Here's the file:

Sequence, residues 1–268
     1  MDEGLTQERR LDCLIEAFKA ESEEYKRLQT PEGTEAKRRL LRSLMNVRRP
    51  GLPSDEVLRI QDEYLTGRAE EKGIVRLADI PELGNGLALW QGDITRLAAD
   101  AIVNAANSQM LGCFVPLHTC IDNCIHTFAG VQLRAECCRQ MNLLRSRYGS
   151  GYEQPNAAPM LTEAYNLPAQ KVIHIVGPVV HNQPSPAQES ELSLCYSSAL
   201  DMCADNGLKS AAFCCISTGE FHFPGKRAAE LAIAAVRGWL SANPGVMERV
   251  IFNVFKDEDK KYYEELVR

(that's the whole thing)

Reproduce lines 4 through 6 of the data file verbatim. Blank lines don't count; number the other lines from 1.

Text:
   101  AIVNAANSQM LGCFVPLHTC IDNCIHTFAG VQLRAECCRQ MNLLRSRYGS
   151  GYEQPNAAPM LTEAYNLPAQ KVIHIVGPVV HNQPSPAQES ELSLCYSSAL
   201  DMCADNGLKS AAFCCISTGE FHFPGKRAAE LAIAAVRGWL SANPGVMERV